Here, government skilfully recasts poverty as failure of individual will: that the poor’s only barrier to employment, and a decent life, is their idleness and “over-dependence” on handouts. By overselling the strength of the labour market, government can justify these personal attacks on the poor, and continue making cuts to social security in order to ‘unburden’ the budget.
Ultimately, the Coalition’s rhetoric tells a very comfortable narrative for a very comfortable class. If people are unemployed, it’s because they’re bludging; if people are homeless, it’s because they’ve made some bad individual choices; if people are rich and successful, it’s because they’ve worked hard and deserve to be. A reassuring vision of a fair, egalitarian Australia is planted firmly in our minds, even as we scroll past new appalling poverty statistics and Newstart horror stories in our social media feeds.
Maybe it’s no wonder then that many more people approved of the latest Budget than disapproved of it (at least according to the Guardian Essential Poll data). Better to believe the Coalition’s ideal of a strong, stable economy than deal with a harsher reality which could arouse icky feelings like shame and guilt.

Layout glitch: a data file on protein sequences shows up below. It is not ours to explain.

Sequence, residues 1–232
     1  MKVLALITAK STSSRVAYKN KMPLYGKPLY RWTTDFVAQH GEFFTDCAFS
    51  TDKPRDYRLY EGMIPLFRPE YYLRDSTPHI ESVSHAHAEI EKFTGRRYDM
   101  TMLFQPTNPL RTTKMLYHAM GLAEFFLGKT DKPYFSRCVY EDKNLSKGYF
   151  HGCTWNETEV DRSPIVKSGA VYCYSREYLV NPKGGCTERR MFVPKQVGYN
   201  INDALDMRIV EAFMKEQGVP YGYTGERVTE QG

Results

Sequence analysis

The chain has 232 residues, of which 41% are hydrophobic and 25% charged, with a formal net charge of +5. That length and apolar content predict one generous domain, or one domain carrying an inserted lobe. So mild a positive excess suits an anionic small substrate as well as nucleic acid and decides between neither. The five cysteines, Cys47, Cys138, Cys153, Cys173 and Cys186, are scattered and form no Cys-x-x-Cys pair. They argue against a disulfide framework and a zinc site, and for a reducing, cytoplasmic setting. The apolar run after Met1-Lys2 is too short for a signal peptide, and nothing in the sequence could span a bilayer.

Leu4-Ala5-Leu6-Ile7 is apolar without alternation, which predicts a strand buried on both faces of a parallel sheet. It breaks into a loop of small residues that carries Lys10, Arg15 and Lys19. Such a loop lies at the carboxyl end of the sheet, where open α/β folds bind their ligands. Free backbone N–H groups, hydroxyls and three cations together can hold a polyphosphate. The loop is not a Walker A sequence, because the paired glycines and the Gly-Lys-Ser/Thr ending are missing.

This way, we don’t have to examine the failures of ourselves or our society. We don’t have to confront or change troubling things if they don’t actually exist.
It may be tough to admit, but this kind of denial and indifference to harsh realities isn’t unique to Canberra; rather, it’s woven into the very fabric of our social and personal lives. As individuals, we routinely brush aside unpleasant realities – like, say, the homeless panhandler asking for change – because we’d rather not endure the discomfort of the encounter. The easiest way to deal with a problem like homelessness or structural unemployment in our everyday lives is to simply walk past it, scroll past it, ignore it.
As individuals, much like as a nation, sometimes it really is just easier for us to see no poverty and speak no poverty.